The finalisation of the joint venture with Thyssenkrup AG marks the end of a long, painful chapter in Tata Steel Ltd.’s contemporary history. Twelve years after it made the ambitious acquisition the company acknowledges it bet on the wrong market, at the wrong time.
“If you have to choose between a growing and mature market, you would pick a growing market. You would pick a market where you have been operating for 100 years and have the strongest equity.”
That’s what TV Narendran, Tata Steel managing director and chief executive officer said to BloombergQuint, when asked what he’d do if confronted with a Corus-like acquisition opportunity today.
Since 2006 when Tata Steel paid over $12 billion for London-based Corus Group Plc, it has reduced the firm’s steel manufacturing capacity from 18 million tonne per annum to 10 mtpa. Now it has further cut its European exposure by combining the business with Thyssenkrupp. Tata Steel will transfer $2.9 billion in debt to the 50:50 joint venture.
“I think we have created a sustainable enterprise in Europe while we have reduced the stake in the company from 100 percent to 50 percent, but we are 50 percent of a larger company, structurally stronger company which is able to sustain itself,” Narendran said.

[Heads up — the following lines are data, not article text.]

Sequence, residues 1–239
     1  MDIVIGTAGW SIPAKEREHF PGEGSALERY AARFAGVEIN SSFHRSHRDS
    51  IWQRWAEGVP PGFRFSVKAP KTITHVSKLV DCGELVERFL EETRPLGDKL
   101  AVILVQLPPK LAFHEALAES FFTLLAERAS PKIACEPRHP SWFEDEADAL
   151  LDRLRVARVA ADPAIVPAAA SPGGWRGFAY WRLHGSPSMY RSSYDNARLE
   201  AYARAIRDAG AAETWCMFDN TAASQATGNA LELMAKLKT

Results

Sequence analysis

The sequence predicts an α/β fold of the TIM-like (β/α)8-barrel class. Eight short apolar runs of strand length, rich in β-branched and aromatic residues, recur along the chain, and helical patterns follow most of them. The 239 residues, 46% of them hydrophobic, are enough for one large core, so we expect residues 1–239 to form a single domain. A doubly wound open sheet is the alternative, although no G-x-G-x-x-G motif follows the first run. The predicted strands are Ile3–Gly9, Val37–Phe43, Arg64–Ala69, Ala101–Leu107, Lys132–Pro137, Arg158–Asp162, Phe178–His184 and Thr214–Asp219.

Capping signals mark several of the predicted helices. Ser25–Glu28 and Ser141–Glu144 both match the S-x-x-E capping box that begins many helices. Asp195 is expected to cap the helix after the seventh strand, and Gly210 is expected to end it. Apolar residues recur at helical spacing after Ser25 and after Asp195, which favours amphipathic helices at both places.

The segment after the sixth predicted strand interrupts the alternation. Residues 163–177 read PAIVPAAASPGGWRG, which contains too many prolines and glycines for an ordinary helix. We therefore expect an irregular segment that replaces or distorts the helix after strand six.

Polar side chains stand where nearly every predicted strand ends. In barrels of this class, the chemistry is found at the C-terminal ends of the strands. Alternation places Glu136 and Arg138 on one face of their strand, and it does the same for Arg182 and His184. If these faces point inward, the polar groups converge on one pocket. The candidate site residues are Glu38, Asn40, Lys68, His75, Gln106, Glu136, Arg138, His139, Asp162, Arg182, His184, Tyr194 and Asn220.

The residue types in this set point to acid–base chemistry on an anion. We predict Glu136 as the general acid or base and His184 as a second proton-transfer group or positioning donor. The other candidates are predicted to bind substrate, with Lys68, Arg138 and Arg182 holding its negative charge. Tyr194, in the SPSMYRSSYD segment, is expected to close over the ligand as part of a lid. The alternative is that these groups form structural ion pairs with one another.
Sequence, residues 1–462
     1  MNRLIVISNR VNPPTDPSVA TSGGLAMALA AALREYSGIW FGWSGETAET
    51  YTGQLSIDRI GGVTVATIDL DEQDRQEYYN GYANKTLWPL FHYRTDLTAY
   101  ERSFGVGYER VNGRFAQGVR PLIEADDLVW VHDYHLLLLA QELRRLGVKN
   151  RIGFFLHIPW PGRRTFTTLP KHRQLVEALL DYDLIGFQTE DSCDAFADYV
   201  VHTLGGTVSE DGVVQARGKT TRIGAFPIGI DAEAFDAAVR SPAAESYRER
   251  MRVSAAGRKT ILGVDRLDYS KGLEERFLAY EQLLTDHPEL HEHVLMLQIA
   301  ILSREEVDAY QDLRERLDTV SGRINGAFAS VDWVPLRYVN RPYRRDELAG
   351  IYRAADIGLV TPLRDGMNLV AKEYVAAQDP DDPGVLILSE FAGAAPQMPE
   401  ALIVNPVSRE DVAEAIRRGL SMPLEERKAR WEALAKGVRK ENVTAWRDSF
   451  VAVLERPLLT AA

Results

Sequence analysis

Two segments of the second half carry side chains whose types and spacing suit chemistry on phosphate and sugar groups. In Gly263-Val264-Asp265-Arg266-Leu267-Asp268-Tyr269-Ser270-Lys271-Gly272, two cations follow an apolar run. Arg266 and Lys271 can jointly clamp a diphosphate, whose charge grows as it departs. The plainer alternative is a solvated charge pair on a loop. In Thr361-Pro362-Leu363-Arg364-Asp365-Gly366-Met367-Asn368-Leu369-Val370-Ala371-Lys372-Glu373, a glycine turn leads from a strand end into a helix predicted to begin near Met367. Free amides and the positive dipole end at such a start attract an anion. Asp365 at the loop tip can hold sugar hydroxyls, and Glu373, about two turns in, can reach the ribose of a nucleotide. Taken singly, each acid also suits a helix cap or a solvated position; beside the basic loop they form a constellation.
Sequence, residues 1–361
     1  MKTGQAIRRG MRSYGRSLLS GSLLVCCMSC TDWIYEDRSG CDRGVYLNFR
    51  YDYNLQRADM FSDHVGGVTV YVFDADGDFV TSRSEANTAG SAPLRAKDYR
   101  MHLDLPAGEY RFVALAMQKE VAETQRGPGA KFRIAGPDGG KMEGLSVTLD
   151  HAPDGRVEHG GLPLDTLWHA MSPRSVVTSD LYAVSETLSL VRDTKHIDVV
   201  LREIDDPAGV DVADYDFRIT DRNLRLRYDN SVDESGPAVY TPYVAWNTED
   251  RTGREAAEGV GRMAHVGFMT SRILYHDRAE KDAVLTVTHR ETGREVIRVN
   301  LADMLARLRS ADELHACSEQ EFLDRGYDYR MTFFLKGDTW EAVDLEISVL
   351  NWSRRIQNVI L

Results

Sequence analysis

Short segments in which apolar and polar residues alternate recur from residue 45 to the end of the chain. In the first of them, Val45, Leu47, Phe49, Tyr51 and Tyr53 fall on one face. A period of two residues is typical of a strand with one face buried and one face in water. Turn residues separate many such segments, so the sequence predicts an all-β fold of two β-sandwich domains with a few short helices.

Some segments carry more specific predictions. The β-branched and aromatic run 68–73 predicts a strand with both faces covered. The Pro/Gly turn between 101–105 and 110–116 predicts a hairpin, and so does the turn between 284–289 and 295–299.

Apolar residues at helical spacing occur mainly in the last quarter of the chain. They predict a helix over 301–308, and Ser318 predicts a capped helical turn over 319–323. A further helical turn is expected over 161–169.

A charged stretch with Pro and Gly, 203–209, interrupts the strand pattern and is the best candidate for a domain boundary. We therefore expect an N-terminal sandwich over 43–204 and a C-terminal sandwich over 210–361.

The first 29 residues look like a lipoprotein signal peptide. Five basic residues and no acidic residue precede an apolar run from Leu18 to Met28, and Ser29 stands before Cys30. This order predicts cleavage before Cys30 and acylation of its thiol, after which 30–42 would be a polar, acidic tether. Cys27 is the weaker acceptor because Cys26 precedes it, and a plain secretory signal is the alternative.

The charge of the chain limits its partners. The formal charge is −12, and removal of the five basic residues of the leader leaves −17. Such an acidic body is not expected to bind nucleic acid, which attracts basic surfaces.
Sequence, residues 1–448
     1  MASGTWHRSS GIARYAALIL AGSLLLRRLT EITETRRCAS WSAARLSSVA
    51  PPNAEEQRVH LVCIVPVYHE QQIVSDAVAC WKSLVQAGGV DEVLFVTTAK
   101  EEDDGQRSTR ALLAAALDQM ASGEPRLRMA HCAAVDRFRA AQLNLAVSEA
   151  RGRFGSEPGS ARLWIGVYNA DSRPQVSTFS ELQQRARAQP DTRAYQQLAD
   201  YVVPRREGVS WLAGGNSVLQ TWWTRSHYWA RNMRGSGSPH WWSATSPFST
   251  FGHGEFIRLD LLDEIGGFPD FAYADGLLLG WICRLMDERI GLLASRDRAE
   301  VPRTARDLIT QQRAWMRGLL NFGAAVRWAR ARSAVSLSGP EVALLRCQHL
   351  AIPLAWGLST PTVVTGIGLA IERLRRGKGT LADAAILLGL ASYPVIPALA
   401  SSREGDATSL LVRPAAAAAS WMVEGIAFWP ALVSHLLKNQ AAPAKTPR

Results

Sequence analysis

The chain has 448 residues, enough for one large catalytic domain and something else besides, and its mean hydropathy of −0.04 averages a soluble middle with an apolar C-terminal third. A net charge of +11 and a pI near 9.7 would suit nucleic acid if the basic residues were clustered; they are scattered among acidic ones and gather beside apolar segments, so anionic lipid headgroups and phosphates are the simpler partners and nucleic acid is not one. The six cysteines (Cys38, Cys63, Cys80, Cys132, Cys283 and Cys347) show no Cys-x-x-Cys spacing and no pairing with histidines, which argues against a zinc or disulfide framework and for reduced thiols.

Corus added over $6 billion in debt at Tata Steel and cost India’s largest private sector steel company its financial health and leadership in the home market. Competitor JSW Steel Ltd. stole a march over the Tata company expanding capacity to 18 mtpa versus Tata Steel’s 13 mtpa.
Tata now hopes to win back the number one spot with its almost complete acquisition of Bhushan Steel Ltd. (5.6 mtpa) and the potential purchase of Bhushan Power and Steel Ltd. (2.5 mtpa). But these new purchases mark the persistence of an old problem—debt.
Debt Going Out
- Thyssenkrup JV: Rs 19,100 crore
Debt Coming In
- Bhushan Steel: Rs 35,200 crore
- Bhushan Power: Rs 25,000 crore